Once Monoloc sinks his teeth in, he won’t let go. Deploying techno hostilities at a pretty casual pace, letting brooding static and industrialism seep through and flood out on the prowl, its character bundles its way off the dance floor to experience palpitations by flashlight under the covers, until the tempo is a trickle of cold sweat descending down your temple. Defined by the excellent opener “Mind” and “No Outro” stirring something monstrous before staying true to its promise of a hasty exit, Sascha Borchardt’s night vision goggles blur the shades of green with splashes of blood red.
On “Things,” Monoloc sits under the skin, patiently playing the waiting game while simultaneously putting an axe through the door Here’s Johnny-style as time ticks down. Soon you’re unsure as to what’s the harsher discipline – slower, protracted examinations, or orders of off-with-their-head in scowling 4×4 time. Suffice to say Monoloc is firing off a full stockpile.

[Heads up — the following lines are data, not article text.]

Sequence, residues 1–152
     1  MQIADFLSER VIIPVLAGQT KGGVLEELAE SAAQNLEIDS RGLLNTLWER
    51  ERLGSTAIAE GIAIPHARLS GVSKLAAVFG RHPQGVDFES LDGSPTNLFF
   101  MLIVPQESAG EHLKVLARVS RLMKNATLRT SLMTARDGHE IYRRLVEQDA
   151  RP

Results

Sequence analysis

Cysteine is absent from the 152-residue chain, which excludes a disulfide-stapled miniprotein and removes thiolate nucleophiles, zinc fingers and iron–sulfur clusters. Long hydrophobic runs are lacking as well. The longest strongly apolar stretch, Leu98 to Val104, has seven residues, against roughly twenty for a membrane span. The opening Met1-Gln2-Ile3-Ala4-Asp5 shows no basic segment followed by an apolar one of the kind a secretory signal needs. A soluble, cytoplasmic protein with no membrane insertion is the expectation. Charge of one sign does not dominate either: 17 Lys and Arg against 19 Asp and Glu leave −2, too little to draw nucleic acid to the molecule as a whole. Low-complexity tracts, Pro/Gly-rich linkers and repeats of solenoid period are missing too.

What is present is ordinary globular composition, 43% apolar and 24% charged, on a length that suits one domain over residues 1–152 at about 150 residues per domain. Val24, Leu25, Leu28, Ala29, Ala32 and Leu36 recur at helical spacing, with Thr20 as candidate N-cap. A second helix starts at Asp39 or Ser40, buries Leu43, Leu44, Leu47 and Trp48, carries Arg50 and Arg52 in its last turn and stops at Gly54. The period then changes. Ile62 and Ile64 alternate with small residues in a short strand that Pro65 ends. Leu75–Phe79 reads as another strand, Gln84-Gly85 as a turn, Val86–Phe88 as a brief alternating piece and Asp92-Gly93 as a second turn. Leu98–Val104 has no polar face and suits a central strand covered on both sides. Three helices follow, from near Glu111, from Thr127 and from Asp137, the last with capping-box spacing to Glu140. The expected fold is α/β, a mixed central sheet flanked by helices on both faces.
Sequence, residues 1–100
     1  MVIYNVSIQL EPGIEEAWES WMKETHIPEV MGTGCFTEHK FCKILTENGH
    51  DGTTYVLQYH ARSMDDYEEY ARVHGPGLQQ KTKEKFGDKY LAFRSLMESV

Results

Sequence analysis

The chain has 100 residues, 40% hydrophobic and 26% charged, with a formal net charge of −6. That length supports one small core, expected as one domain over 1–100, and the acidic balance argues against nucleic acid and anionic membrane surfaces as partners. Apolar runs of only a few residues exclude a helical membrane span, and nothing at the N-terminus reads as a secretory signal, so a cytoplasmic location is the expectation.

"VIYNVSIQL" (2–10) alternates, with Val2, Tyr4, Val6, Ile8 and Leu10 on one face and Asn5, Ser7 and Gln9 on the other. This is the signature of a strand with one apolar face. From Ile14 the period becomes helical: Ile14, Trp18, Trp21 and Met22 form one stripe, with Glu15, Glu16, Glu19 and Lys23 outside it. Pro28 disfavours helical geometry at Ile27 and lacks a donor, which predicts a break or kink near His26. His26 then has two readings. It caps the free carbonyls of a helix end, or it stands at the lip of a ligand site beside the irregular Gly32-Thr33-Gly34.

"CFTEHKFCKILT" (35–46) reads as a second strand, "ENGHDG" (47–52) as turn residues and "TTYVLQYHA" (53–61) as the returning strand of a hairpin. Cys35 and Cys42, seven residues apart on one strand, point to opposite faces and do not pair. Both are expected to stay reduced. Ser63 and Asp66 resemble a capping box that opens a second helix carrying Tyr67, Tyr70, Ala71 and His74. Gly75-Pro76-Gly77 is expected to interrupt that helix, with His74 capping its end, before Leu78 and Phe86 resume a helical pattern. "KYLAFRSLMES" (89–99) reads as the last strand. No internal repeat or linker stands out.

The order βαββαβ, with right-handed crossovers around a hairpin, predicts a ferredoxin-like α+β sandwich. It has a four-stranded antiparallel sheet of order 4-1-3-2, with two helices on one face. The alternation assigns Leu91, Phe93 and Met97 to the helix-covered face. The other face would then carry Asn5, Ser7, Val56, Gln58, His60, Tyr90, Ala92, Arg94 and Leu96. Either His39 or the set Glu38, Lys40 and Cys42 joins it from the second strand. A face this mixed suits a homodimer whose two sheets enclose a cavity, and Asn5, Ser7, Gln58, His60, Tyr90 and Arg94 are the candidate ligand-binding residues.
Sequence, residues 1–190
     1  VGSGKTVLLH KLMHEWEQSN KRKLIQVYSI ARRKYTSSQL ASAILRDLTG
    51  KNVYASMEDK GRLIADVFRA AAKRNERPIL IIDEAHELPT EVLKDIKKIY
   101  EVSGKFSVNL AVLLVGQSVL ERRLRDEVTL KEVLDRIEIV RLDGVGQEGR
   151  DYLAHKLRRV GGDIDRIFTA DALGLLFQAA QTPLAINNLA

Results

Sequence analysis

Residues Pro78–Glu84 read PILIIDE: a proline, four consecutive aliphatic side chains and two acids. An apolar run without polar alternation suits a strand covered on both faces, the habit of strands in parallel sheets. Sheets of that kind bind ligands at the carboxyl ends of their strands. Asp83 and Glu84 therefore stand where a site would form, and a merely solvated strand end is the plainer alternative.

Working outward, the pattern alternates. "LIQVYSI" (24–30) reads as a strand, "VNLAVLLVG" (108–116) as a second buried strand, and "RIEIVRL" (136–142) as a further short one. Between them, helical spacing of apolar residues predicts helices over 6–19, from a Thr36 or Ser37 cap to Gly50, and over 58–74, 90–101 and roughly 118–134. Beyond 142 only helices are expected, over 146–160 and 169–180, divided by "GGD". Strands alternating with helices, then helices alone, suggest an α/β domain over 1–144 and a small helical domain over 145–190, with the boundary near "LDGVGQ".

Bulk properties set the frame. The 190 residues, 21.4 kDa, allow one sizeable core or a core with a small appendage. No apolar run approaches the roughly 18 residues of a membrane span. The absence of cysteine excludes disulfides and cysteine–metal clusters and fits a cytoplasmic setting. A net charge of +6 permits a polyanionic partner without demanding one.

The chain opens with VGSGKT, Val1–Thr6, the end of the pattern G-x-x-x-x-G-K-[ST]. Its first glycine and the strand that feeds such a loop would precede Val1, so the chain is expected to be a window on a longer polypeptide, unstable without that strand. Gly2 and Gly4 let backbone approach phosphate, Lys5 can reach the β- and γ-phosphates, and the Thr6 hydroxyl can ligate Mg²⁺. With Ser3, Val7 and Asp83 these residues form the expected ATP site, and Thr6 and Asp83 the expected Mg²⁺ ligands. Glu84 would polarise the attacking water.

With that in mind, “It’s Mine” is rather more compliant with its gloom-laden vocal from the controlling Daniel Wilde. On the very Shed-like “About,” Monoloc downs the stealth and sets about a kick drum like a sadistic simpleton versed on Leftfield’s “Phat Planet.” And in the context of everything around it, “Pblc” is a lesser bench-presser. Minor imperfections however, on an album of techno both manipulative and manipulated, pulling you in ears-first.
File under: Oscar Mulero, Pfirter, Tommy Four Seven